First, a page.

Volume 53, Issue 6
  • ISSN: 0002-9637
  • E-ISSN: 1476-1645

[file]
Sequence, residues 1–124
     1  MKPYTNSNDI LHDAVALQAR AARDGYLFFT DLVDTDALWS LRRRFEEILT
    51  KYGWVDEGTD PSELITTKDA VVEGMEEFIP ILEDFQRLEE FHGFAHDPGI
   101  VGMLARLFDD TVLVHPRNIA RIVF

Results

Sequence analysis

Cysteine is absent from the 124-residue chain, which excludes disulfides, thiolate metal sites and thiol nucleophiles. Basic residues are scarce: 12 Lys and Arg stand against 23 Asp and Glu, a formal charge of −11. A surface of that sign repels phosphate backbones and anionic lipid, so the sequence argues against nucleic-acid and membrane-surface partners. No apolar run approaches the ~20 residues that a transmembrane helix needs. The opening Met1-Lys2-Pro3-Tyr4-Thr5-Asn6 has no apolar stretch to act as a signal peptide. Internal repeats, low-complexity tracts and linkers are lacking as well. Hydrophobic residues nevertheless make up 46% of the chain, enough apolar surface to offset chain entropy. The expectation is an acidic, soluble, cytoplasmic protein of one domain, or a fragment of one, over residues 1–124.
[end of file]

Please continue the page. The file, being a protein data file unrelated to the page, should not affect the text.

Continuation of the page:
The prevalence of hepatitis C antibodies (anti-HCV) was investigated in 1,378 central Brazilian children, students, and street youths (homeless adolescents without family links or adolescents working in poorly paid activities). Sera were tested with a second generation enzyme-linked immunosorbent assay, and positive samples were retested by a confirmatory assay (line immunoassay). All children attending day care centers were anti-HCV negative. Only one (0.2%) adolescent was positive in the student group. However, higher positivity was found in street youths; four (1.0%) living at home and three (3.0%) living in the streets had anti-HCV antibodies. Among these, the prevalence of anti-HCV increased significantly with age from 0% in the 9–12-year-old group to 6.9% in the 17–20-year-old group. Risk factors including blood transfusion, tattooing, intravenous drug use, and sexual intercourse with multiple partners were significantly associated with the presence of anti-HCV in street youths. These results indicate that apparently healthy children and adolescents attending day care centers or primary schools in central Brazil have a low exposure to HCV infection, but street youths in the same area are at risk for infection with this virus.


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